Quilt on the Quad features special event, new display this year

By Dena J. Smith | Emory Report | Nov. 28, 2012

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Each year, Emory Hillel brings The AIDS Memorial Quilt to campus.  Emory Photo/Video.

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Just as World AIDS Day has brought people together from around the world to raise awareness about HIV/AIDS, Hillel at Emory has localized that mission by hosting the annual Quilt on the Quad with a formal event Friday, Nov. 30.

Karly Taylor

Karly Taylor stands beneath her uncle's quilt (top left).

The event, from 3 p.m. to 5 p.m. in the Winship Ballroom of the Dobbs University Center (DUC), will feature musical performances, guest speakers and personal stories from survivors and families of those who have passed away from the disease.

In its eighth year, Quilt on the Quad commemorates World AIDS Day on campus and focuses on solidarity and awareness, and encourages progress in HIV/AIDS prevention, treatment and care.

This year's display will differ slightly from those in the past where the quilts were centrally displayed on the Quad. This year the 675 quilt panels will be placed throughout the campus, mostly indoors.

"We want this year's Quilt on the Quad to be an educational and enlightening experience for the Emory community," says student Jessica Jaksich, co-chair of the initiative. "We want to give our audience the opportunity to view the quilt panels as they have in the past, but we also want to help them understand and appreciate the story behind the quilts.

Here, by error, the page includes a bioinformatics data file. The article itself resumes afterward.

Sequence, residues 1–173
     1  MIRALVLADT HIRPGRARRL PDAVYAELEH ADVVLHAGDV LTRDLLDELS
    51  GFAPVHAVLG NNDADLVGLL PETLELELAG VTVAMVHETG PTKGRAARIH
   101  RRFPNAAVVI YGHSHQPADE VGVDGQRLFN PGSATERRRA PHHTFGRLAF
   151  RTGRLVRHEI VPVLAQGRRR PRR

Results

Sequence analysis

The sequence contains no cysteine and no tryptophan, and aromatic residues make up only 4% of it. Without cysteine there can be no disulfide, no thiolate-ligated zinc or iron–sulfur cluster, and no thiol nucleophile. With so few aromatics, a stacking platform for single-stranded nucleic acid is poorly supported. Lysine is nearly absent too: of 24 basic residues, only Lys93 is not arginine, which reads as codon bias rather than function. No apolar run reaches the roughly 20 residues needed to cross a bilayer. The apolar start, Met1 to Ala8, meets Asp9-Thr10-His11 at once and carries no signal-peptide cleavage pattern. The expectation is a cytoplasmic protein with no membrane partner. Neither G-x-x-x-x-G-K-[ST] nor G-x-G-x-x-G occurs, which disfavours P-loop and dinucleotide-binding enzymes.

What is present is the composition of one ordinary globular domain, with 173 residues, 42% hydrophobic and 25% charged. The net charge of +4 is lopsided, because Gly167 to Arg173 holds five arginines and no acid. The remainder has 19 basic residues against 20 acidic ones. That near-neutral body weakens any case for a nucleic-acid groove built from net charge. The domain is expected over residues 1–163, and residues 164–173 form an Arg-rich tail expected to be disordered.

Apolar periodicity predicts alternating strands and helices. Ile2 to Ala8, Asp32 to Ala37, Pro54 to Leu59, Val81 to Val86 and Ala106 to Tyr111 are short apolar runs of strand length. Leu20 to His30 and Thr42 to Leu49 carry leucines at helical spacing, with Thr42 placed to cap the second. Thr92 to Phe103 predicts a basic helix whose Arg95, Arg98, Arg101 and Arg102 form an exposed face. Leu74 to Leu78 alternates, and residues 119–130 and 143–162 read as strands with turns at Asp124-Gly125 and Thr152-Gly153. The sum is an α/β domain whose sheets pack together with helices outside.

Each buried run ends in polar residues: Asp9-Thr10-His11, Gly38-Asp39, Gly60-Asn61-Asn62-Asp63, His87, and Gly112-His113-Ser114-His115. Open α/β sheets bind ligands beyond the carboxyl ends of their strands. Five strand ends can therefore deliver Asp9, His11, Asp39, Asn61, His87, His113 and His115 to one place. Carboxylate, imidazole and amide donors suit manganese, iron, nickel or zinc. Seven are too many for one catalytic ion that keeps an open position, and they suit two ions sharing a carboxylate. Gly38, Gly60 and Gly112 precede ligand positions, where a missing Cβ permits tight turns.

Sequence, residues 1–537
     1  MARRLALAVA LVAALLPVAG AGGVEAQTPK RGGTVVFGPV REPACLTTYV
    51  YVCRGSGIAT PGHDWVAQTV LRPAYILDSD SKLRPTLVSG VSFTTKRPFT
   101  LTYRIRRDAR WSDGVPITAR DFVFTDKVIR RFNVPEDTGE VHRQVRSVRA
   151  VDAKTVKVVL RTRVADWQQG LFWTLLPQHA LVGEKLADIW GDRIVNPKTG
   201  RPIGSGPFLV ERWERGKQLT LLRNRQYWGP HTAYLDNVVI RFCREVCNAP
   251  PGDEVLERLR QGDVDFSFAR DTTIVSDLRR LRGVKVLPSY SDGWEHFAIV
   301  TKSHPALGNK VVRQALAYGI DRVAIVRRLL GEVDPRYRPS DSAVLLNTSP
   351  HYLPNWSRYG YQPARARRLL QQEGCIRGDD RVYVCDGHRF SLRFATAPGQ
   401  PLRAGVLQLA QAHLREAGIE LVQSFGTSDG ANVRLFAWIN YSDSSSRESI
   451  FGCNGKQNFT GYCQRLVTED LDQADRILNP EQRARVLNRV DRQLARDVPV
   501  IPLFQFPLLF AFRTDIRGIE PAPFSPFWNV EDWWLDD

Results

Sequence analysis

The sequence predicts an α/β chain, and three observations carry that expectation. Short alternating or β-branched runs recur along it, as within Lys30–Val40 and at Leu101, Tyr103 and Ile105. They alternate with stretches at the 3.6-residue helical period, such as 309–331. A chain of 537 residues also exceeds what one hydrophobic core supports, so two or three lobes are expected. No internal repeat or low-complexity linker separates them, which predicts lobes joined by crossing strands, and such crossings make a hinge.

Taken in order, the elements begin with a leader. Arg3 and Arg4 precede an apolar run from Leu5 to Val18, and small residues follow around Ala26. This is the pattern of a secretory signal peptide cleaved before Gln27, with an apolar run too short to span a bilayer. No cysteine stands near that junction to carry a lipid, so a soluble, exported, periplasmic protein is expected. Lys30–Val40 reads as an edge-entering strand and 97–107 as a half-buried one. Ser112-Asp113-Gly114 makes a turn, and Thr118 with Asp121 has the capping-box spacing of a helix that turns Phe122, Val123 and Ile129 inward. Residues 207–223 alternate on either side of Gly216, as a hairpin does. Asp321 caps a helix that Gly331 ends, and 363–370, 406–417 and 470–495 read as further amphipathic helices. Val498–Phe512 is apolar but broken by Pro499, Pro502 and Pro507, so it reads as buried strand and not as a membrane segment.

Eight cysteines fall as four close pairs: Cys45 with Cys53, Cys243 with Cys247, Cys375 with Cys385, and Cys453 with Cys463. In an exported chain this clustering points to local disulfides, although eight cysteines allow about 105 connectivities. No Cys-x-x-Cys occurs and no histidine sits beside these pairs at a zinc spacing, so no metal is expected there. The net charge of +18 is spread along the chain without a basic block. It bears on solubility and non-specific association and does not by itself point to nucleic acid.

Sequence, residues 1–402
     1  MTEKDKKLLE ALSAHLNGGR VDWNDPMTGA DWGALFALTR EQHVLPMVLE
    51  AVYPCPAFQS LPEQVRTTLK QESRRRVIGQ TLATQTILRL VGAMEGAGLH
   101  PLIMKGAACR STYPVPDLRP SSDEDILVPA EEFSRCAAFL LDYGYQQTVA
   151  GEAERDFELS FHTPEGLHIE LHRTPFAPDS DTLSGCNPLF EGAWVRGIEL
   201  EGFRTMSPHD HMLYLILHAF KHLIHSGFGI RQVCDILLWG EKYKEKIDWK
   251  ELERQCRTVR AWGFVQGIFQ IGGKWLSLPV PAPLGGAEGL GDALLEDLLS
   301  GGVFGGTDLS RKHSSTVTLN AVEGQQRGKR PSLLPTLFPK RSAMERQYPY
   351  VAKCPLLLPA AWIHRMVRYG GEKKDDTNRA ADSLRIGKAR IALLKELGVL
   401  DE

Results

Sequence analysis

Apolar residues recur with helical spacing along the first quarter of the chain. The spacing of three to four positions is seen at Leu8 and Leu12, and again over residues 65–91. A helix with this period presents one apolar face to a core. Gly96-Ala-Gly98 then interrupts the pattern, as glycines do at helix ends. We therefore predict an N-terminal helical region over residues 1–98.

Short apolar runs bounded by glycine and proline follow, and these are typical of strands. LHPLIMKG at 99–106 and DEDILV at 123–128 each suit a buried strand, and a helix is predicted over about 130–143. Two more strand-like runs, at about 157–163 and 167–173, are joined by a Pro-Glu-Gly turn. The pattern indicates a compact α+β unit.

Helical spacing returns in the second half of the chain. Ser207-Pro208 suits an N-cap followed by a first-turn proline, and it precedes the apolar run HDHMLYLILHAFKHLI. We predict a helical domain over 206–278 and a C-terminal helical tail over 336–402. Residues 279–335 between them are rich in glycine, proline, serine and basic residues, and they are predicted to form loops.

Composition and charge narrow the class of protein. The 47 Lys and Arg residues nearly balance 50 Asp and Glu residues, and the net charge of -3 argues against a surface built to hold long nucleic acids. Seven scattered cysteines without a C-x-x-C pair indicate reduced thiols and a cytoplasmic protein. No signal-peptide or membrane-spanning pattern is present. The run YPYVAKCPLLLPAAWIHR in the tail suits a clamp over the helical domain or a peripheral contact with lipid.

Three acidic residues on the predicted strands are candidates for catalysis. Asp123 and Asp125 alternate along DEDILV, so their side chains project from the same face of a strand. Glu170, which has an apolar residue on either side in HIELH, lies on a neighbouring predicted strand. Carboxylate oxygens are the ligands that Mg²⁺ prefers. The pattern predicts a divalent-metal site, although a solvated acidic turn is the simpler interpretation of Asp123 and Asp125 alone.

"Further, some of the most up-to-date AIDS research has occurred on our very own campus and we want to educate our community on these advancements in addition to honoring those who have passed away from the disease."

The Emory Center for AIDS Research is an official National Institutes of Health Center for AIDS Research (CFAR) site. Many of the scientists within the Emory Vaccine Center are focused on finding an effective vaccine against HIV, and Emory scientists are inventors of several of the most commonly used HIV/AIDS drugs.  

Karly Taylor, who works for Emory's Office of Research Administration, is a guest speaker at the Friday event. As a senior conflict of interest specialist in the Office of Research Administration, Taylor has the opportunity to see the various research projects that investigators and research staff put forward for the treatment and cure of HIV/AIDS. But Taylor plans to focus her talk less on her work and on a more personal story. Her family was recently reunited after two decades with a quilt her family made in honor of her uncle who died from AIDS and donated to the NAMES Project, the nonprofit caretaker of The AIDS Memorial Quilt.  

"It had been quite a while - since the '90s when my family last saw or knew the whereabouts of my uncle's quilt," says Taylor. "I was volunteering with the NAMES Project and I started a conversation with the coordinator about my uncle's quilt and how my family did not know where it was. He was able to quickly look into it, and he found out it was here in Atlanta at the headquarters. Now it will be displayed at Quilt on the Quad in the Winship Ballroom at the DUC."  

Taylor continued: "Volunteering is such a great way to give, but I ended up getting more than I gave. It's amazing how fate works its way out."